Burbank Pride INC, led by President and CEO Tracy Michele Tabb, a North Hollywood resident, unveiled plans for an event called “Family Pride in the Park.” The event is set to close down a major stretch of Magnolia Boulevard—the 3300 to 3500 blocks—from 8 am to 8 pm on Saturday, September 23, 2023. Although advertised as happening, as of this writing, the City has not approved the event permit, raising concerns among the residents and merchants of Magnolia Park.
The Outsider’s Influence
Interestingly, Tabb is a North Hollywood resident, not a Burbank citizen. The application mailing address of 2080 Empire Avenue matches a Staples store, suggesting that Tabb rents a mailbox there, further implying that Tabb is neither a resident nor a business owner in Burbank. As such, Tabb would not bear the brunt of the commercial and residential inconveniences caused by the event.
Lack of Consensus
The event proposes to shut down a substantial portion of Magnolia Boulevard, affecting numerous retail businesses and residents. No evidence indicates that these parties have approved or been consulted about this significant disruption.
No details have been provided on how much taxpayers will subsidize for the event in terms of administrative costs or emergency services.
Juanita, a Burbank resident, commented, “Why are we, the taxpayers, subsidizing these events without a say? Especially when it comes to police and fire department allocations, it’s unjust.” Juanita refers to the fact that past events held by special interest groups received taxpayer-funded subsidies such as cleanup and trash pick up from Burbank Public Works. “We found out that the City was simply picking up trash and not billing an event for the cost. This went on until someone made a stink about it,” Juanita said.
Rumors have circulated that higher-ranking police workers, such as detectives, often request assignment to such events to gain overtime. These expenses are allegedly not fully reimbursed by the event organizers, raising questions about why detectives are being used for event security rather than focusing on investigative work. One such Burbank detective was found working at a wine festival. According to City reports, he charged $56,785.06 in overtime to the taxpayers in 2022 alone. It has been argued that these high overtime rates, for police workers with higher ranks, are not fully covered even when the City charges events fees for such services.
The Event’s Purpose
Given that the LGBTQ+ community is not marginalized in Burbank, questions arise about the necessity of the event. Why disrupt the lives of Magnolia Park residents and merchants?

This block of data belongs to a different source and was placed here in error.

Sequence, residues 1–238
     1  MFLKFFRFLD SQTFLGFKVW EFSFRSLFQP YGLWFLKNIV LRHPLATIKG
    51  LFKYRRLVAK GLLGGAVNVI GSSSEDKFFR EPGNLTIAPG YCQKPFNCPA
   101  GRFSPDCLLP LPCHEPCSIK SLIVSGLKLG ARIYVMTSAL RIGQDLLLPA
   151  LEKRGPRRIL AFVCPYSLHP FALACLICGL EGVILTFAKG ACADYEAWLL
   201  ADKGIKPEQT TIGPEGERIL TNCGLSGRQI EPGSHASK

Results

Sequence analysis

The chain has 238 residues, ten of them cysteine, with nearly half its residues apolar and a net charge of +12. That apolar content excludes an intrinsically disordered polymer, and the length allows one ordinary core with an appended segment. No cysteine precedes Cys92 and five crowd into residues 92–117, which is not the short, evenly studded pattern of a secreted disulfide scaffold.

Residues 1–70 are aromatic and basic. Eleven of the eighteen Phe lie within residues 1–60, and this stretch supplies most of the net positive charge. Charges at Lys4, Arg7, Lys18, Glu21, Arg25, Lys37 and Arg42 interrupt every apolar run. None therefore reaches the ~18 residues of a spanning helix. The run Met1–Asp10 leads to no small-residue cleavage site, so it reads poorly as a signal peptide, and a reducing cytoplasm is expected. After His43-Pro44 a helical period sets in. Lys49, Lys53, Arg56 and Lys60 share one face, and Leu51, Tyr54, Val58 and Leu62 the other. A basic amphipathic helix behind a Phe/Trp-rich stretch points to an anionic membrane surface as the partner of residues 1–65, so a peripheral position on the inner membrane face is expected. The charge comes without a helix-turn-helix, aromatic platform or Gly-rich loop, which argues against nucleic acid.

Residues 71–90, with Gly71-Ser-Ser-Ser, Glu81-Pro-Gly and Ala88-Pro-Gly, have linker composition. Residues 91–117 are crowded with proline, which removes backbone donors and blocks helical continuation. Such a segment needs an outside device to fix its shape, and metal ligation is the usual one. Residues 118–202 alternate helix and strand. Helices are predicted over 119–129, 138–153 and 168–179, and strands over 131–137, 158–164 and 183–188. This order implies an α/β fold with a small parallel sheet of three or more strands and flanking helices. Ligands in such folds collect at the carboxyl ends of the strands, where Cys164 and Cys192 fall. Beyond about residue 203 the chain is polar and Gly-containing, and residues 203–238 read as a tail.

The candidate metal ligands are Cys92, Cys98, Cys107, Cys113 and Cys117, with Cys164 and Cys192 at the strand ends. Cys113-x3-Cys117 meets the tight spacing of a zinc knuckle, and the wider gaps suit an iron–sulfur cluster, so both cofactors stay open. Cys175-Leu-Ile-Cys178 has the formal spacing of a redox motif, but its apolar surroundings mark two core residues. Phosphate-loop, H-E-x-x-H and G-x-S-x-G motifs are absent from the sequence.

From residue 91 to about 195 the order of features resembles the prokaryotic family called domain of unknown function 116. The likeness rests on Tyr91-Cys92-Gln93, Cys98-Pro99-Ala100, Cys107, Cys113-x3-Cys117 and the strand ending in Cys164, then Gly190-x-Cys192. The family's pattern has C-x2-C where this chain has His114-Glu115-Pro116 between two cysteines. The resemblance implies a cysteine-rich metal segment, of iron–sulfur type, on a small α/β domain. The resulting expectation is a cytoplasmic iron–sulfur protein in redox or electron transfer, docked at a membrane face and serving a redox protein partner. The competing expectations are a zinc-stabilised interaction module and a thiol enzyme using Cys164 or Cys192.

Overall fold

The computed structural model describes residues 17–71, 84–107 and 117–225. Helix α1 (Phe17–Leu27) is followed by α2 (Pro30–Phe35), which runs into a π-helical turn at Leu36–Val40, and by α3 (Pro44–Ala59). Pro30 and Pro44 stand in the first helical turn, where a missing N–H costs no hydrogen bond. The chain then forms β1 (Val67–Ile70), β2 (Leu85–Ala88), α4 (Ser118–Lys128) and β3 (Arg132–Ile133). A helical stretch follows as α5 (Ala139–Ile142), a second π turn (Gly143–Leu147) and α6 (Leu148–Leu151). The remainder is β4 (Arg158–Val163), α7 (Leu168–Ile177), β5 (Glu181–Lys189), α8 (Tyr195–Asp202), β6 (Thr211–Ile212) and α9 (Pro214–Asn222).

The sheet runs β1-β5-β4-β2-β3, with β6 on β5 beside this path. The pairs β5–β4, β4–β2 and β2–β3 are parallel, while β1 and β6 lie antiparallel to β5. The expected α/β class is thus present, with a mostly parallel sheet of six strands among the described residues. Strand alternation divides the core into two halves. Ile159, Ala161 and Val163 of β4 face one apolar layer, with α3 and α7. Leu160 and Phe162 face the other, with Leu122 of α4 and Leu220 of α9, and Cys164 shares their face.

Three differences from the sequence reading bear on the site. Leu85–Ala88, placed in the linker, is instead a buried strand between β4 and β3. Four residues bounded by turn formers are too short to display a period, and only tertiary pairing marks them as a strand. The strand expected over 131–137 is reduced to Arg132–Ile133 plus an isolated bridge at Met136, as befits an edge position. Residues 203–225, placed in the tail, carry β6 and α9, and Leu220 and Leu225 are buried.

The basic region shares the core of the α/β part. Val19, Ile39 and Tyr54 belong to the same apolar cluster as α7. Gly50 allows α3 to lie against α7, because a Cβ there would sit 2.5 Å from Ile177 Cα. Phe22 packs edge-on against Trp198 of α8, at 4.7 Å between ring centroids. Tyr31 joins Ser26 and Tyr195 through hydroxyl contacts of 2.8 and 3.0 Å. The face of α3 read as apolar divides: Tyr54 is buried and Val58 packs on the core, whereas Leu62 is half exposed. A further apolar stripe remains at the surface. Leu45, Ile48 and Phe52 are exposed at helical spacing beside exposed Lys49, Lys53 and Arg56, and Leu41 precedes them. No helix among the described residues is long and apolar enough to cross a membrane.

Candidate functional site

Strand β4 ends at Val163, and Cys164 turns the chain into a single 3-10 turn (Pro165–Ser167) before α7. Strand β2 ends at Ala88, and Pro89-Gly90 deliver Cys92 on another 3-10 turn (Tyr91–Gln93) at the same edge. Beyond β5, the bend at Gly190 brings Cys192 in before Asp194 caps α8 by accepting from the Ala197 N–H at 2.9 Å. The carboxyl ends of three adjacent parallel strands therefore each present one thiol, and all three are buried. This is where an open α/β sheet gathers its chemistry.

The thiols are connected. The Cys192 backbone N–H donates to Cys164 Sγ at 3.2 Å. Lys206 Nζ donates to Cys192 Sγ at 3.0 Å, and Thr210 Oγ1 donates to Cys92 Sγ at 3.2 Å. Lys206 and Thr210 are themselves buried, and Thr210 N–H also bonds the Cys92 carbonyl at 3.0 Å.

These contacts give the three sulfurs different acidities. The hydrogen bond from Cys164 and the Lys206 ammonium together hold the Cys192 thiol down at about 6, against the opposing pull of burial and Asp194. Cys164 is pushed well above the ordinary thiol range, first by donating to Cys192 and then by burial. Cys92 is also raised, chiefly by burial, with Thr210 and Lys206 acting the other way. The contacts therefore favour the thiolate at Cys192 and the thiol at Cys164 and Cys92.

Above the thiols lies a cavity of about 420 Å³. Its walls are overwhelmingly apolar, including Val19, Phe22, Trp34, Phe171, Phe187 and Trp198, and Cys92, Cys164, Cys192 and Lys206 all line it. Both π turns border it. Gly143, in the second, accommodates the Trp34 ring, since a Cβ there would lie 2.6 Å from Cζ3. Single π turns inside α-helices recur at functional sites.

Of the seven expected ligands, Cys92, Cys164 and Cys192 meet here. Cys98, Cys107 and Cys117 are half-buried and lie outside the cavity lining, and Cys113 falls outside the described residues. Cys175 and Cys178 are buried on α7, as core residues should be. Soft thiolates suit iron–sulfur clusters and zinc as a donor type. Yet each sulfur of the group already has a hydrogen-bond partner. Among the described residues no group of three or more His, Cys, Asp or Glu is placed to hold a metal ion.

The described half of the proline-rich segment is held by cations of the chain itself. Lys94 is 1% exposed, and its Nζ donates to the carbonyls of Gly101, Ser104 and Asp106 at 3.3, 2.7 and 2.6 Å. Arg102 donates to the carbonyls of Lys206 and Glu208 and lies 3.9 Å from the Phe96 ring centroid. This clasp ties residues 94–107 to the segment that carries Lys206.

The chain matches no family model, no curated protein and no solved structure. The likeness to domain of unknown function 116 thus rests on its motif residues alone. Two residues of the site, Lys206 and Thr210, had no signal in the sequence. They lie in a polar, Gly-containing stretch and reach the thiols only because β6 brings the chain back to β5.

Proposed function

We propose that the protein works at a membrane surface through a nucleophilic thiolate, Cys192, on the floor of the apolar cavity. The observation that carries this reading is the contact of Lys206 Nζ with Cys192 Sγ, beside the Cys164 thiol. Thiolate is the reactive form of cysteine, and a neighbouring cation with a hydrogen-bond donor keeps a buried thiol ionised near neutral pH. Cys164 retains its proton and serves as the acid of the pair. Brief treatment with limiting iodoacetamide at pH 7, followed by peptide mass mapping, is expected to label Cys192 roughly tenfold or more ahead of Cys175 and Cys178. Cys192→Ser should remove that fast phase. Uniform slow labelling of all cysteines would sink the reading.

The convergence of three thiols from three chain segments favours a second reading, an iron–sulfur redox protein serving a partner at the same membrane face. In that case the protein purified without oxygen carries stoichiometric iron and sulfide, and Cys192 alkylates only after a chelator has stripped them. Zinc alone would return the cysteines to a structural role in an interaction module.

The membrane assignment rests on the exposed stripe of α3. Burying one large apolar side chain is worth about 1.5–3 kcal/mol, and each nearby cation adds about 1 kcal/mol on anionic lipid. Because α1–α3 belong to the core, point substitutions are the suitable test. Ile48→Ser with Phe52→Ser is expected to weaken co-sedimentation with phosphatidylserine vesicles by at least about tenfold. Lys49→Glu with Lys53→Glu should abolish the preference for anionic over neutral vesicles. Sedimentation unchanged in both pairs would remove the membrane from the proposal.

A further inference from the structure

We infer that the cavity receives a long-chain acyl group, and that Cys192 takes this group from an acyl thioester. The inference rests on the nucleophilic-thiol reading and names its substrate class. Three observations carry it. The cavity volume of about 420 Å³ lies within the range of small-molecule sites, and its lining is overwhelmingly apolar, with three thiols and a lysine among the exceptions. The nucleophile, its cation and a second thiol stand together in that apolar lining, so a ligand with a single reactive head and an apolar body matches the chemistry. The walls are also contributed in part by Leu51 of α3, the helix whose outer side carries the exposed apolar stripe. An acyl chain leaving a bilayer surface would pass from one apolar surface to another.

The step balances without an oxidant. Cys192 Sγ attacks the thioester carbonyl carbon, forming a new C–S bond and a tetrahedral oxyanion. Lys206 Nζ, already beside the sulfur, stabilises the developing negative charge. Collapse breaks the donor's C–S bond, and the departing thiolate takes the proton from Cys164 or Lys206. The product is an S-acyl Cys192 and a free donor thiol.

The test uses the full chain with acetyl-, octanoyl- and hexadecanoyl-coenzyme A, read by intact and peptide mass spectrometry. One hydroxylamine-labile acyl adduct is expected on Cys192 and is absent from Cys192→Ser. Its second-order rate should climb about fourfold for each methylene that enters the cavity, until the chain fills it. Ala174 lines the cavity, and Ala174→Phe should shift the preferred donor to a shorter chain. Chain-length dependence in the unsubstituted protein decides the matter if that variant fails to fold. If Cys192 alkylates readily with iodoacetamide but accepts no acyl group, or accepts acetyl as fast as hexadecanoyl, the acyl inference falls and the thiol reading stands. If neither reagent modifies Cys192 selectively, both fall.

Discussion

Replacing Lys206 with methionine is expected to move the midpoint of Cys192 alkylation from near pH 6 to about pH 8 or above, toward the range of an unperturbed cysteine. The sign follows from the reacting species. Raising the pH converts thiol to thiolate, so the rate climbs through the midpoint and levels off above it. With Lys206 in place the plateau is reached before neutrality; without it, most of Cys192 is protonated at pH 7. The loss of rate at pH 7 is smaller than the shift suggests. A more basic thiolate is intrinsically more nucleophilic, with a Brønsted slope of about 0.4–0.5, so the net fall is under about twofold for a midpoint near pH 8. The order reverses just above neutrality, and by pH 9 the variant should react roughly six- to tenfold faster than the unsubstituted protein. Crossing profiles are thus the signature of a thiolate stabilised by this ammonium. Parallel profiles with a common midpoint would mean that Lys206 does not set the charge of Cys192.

Despite the City not having approved the permit, Burbank Pride INC has already started advertising the event. This action sets a dangerous precedent, potentially misleading the public and local businesses who might prepare—or not prepare—for an event not yet confirmed.
The city has a history of taxpayers footing the bill for services like trash pick-up at various events, which previously stirred public controversy.
In conclusion, while events that celebrate diversity and inclusivity are part of community life, they shouldn’t be executed at the expense of the local community. Proper planning, consultation, and financial accountability are essential elements that seem to be missing from Burbank Pride INC’s “Family Pride in the Park” event proposal. The 2022 “Pride” event was held on private property, but the 2023 event proposes to infringe on public property and shut down the street. Many are upset over this precedent and are demanding the City deny such permit requests from all organizations as needless use of public property without substantial justification. Any such events can easily be held on private property with little or no inconvenience to locals.
National Controversies Adding Fuel to the Fire
The proposal for “Family Pride in the Park” comes amidst a broader national debate on Pride events, intensified by incidents of misconduct. In June 2023, a controversy erupted when the White House banned a transgender model, Rose Montoya, from future events. Montoya had been invited as part of an LGBTQ Pride month celebration but drew criticism for appearing topless on the South Lawn, covering her nipples with her hands. She later shared a video of the incident on Instagram.
This incident has added a layer of complexity to the discussion about Pride events. Misconduct at such a high-profile event raises questions about the responsibilities and boundaries of participants, organizers, and the host venues, be it the White House or a public street in Burbank.
Take Action: Make Your Voice Heard
Given the various layers of complexity and controversy surrounding the proposed “Family Pride in the Park” event, community input is vital for a balanced and informed decision-making process. If you wish to voice your opinions, whether in support or opposition to this shutdown, you can reach out to the following officials:
- Konstantine Anthony, Mayor: email@example.com
- Nick Schultz, Vice Mayor: firstname.lastname@example.org
- Nikki Perez, Council Member: email@example.com
- Tamala Takahashi, Council Member: firstname.lastname@example.org
- Zizette Mullins, Council Member: email@example.com
- Justin Hess, City Manager: JHess@burbankca.gov
- Michael Albanese, Police Chief: MAlbanese@burbankca.gov
- Eric Garcia, Fire Chief: EGarcia@burbankca.gov
Your opinion matters. By engaging with city officials, you contribute to a more transparent and democratic process, helping to ensure that any event held in Burbank reflects the values and needs of its community. Whether you’re concerned about financial implications, public safety, or the ethical conduct of participants, your input can play a crucial role in how “Family Pride in the Park” is managed—if it happens at all.
The following are public records secured from community group Uprise via a request under the California Public Records Act: